On July 21, 2014, I was in Calabar, peacefully engaged in the compulsory service to Nigeria. Meanwhile, hundreds of kilometres away, a certain woman saved me from getting infected with a deadly virus with a fatality rate of about 90%. In the year 30 AD, it is believed in Christianity that a man gave himself way to be killed so that many others, even those unborn, might be saved. The man’s name was Jesus Christ. In 2014, many centuries later in Nigeria, this doctor, with the knowledge of a possible infection and death, saved a nation from an epidemic called ebola. Her name was Stella Adadevoh. This viral outbreak had turned Liberia and Sierra Leone to pariah countries. Although, it is probable for this selfless act to get lost in the political wrangling between the state government and the federal government on who takes the credit for the eradication of ebola (who could blame them though it was an election season), but some of us choose to remember Dr Adadevoh’s as the singular person who even made the glory to be sought available in the first place.
Under pressure from an international government to release the patient zero, Patrick Sawyer, from the hospital, she stood her ground to save her countrymen and the most populous black nation on earth. Her great grandfather Herbert Macaulay had fought for Nigeria’s independence more than 50 years earlier. A country like ours would have been the most perfect breeding ground for the virus to fester. We come in contact with bodily fluids at every turn- the headrest on the danfo, the alabaru at Oyingbo brushing you with his sweaty arm, the ablution area in most mosques. The devastation would have been deadlier than Liberia’s. The health sector which had collapsed would never have been prepared. The strike embarked by doctors then proved to be a blessing in disguise as it ensured that Sawyer was not taken to the government hospitals which are always crowded, thus, risking more people getting infected. This makes Adadevoh’s act more prominent and heroic. Not a virologist herself, she could have run to save her life when Sawyer chose to deliberately infect others by spilling his blood and other body fluids in his room. But she chose to stay to restrain the patient- a decision which proved fatal. On August 19, 2014, she fell to the deadly virus.
Finally, in a society that fails to reward valiant actions, it is noteworthy to remember Dr Adadevoh on this anniversary of her death. Ma’am, thank you for saving us from an impending doom. Your sacrifice will not be forgotten in this corner.
Not all heroes wear capes; some are in lab coats.
Image sources: DRASA and naptu2
The Yoruba tribe has the highest rate of twin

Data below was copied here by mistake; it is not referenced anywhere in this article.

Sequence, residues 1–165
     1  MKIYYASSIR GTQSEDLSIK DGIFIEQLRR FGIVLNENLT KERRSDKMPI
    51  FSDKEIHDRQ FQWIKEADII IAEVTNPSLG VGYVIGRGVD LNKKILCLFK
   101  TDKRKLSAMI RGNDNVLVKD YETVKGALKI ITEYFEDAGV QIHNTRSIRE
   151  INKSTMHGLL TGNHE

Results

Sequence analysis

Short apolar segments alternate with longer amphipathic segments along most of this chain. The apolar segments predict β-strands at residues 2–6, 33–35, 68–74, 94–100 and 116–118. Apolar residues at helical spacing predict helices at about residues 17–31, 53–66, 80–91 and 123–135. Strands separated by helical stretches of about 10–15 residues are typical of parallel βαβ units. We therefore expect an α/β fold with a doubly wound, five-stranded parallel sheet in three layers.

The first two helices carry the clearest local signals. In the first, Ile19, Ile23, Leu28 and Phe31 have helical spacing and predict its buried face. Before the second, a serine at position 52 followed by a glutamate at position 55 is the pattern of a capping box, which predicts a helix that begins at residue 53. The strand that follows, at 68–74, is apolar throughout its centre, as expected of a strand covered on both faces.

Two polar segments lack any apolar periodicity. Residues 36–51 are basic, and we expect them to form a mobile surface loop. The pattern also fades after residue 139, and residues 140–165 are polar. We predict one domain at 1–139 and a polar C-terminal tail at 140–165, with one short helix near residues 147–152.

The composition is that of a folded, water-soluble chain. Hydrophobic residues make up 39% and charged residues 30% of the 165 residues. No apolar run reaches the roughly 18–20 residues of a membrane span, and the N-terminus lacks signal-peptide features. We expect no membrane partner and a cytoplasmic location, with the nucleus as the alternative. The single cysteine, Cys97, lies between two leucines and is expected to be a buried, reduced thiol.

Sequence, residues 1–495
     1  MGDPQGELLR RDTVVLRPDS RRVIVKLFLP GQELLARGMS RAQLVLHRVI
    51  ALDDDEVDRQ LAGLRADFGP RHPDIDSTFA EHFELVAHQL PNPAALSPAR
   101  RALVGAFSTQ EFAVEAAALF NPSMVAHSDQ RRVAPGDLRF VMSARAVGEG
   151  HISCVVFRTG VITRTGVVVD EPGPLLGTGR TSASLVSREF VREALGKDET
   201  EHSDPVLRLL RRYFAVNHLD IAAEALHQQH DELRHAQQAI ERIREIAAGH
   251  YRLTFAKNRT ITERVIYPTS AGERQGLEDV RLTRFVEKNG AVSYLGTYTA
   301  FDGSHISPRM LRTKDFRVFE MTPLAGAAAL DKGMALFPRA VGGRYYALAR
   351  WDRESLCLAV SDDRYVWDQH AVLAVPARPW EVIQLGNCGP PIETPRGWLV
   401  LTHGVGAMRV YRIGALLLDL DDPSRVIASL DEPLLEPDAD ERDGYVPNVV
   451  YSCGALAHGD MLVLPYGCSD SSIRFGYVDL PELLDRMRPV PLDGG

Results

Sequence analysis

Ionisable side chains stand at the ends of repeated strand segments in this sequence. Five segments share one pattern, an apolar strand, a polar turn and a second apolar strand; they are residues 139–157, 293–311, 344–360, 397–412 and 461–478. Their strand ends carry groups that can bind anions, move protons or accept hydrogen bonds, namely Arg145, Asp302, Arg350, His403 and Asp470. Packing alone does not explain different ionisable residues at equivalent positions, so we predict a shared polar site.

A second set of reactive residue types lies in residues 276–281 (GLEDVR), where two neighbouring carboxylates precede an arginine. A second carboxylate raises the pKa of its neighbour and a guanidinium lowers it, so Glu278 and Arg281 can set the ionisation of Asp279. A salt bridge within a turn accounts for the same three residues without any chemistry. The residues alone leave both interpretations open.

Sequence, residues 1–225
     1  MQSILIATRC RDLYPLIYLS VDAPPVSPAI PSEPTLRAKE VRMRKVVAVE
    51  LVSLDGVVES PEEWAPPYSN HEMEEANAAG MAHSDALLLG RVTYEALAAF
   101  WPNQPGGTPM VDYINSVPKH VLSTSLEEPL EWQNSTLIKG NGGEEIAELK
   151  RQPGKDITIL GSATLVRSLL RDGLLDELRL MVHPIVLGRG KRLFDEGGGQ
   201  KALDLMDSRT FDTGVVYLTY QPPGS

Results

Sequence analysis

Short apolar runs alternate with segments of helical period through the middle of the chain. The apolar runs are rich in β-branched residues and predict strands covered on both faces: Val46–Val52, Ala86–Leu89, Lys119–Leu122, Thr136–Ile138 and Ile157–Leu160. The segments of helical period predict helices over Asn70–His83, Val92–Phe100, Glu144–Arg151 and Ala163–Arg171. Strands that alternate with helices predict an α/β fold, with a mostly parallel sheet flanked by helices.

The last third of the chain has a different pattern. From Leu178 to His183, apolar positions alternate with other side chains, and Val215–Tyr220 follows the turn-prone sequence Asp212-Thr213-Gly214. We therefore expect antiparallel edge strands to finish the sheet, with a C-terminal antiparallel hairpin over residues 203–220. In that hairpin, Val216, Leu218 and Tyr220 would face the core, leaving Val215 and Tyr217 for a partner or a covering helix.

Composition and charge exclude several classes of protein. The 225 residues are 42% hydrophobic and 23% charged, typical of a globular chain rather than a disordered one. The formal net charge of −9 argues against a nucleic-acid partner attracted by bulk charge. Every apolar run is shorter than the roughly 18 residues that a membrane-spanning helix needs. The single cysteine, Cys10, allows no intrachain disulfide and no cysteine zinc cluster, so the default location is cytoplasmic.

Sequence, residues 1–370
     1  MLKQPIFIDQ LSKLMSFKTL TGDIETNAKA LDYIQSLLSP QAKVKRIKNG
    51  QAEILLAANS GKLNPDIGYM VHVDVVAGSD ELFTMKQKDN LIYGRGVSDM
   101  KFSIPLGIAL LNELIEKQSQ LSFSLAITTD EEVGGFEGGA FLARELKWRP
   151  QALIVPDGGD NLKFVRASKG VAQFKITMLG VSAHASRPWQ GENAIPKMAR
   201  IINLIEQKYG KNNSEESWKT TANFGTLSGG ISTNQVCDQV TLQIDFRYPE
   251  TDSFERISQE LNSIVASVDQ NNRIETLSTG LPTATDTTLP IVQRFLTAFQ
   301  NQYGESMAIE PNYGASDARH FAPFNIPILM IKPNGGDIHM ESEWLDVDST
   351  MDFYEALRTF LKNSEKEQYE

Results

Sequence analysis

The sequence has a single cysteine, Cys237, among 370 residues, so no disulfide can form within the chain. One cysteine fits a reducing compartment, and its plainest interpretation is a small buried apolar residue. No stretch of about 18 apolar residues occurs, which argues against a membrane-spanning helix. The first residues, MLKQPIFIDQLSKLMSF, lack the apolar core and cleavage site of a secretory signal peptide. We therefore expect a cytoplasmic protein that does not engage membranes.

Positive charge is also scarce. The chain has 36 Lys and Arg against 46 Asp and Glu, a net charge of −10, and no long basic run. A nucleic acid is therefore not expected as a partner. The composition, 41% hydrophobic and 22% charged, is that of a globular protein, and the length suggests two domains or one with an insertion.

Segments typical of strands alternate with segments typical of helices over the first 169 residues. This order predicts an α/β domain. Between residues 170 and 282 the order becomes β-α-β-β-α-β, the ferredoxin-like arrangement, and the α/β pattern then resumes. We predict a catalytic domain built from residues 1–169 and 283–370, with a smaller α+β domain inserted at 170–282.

births in the world. Igbo-Ora, a little town in Oyo state, has been nicknamed Twin capital of the World because of its unusually high rate of twins
that is put as high as 158 twins per 1000 births. In a video on YouTube presented by Titi (a white lady who speaks Yoruba), and which was centred on twin births in Igbo-Ora, one of the locals boasted that every family in the town has at least one twin! The following is the oriki for all we twins in the world. Enjoy!
Ejire oyila winiwini loju orogun,
ejiworo loju iya re
Mba bejire mbayo,
O be kese be kasa,
ofese me jejeji be sile alakisa
o so alakisa di onigbaso,
okan ni mba bi mba yo,
sugbon meji lowole tomiwa,
Gbajumo omo ti ngba ikunle iya,
ti ngba idobale lowo baba to bi won lomo
Ejire ara isokun, edunjobi omo edun tin sere ori igi
Epo nbe, ewa nbe, aya mi oja lati bi ibeji
Taiyelolu ma yo se se,
mayo se se
Ejire oyila, ema yo se se, nbabi edunjobi
mba yo pe mobi oba omo.
Edumare bawa da awon Ibeji wa si.
Kindly leave ur comments :)!
The time is 8:16am but the weather says 7:19pm. The earth is about to receive a very soothing visitor. Everyone has been expecting this visitor to save us from the horrors of the heat of the past few weeks. IT IS ABOUT TO RAIN! The weather is so tense that you feel it in your soul. Women hurry to collect their clothes from the line- dry or otherwise. You sit here, on the edge of your ruffled bed, wondering about the unknown.
Then the rain begins. It is so heavy that you wonder if it had won a bet against the sun and the sun was cuddled up somewhere mourning its loss. It’s been 40 minutes and you wonder if the rain goes back for reinforcement every 40 seconds. There seems no end in sight! You have now moved to the verandah, sitting alone on the brown KGM plastic chair savouring the fresh air accompanying the rain. The plants heave a sigh of relief. The lizards and ants must now be cuddled up somewhere and the mosquitoes must be resting now, after the night’s battle.
Several thoughts crowd your mind. This seems a perfect weather for two or tea or even, both. With Yanni’s Nightingale playing in the background, the occasional thunder serving as bass to the soft-playing Nightingale and the wind carressing your body, your system reacts to the change in temperature. You think this is an awesome time for you to be in bed snuggled up to your better half; inhaling his/her breathe and pleasant smell and feeling the presence of no third party. Then, you wonder what the consequences will be after the rain had long gone. You think of the result of your action in the long run & your (in)ability to deal with it. Is this really a weather for 2? Of course, it is, but with it comes consequences & responsibilities. So you’d rather settle for the latter- light the gas cooker, boil some water and make a very hot tea. This has no consequences except that you’ll find yourself sound asleep, under your floral blanket, with no 2nd or 3rd party involved!
Hunter being hunted!